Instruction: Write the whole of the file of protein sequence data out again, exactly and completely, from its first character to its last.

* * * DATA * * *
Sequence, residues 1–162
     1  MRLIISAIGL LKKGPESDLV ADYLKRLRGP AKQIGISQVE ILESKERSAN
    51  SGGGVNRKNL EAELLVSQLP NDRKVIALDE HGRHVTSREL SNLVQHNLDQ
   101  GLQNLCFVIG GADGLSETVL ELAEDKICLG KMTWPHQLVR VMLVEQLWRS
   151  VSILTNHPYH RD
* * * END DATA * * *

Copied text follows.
Sequence, residues 1–162
     1  MRLIISAIGL LKKGPESDLV ADYLKRLRGP AKQIGISQVE ILESKERSAN
    51  SGGGVNRKNL EAELLVSQLP NDRKVIALDE HGRHVTSREL SNLVQHNLDQ
   101  GLQNLCFVIG GADGLSETVL ELAEDKICLG KMTWPHQLVR VMLVEQLWRS
   151  VSILTNHPYH RD